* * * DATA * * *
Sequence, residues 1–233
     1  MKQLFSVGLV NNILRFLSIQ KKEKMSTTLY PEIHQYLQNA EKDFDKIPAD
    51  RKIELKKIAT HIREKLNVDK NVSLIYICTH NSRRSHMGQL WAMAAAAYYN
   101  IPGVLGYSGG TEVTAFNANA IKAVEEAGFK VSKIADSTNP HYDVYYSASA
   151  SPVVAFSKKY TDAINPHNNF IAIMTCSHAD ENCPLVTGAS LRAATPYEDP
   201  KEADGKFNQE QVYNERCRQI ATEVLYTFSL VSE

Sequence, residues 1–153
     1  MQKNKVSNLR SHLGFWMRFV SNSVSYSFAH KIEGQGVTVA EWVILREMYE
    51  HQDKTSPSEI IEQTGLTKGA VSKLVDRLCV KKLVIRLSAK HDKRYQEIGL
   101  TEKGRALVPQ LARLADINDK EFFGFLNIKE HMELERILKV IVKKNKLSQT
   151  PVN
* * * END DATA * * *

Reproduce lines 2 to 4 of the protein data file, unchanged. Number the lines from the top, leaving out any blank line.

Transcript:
     1  MKQLFSVGLV NNILRFLSIQ KKEKMSTTLY PEIHQYLQNA EKDFDKIPAD
    51  RKIELKKIAT HIREKLNVDK NVSLIYICTH NSRRSHMGQL WAMAAAAYYN
   101  IPGVLGYSGG TEVTAFNANA IKAVEEAGFK VSKIADSTNP HYDVYYSASA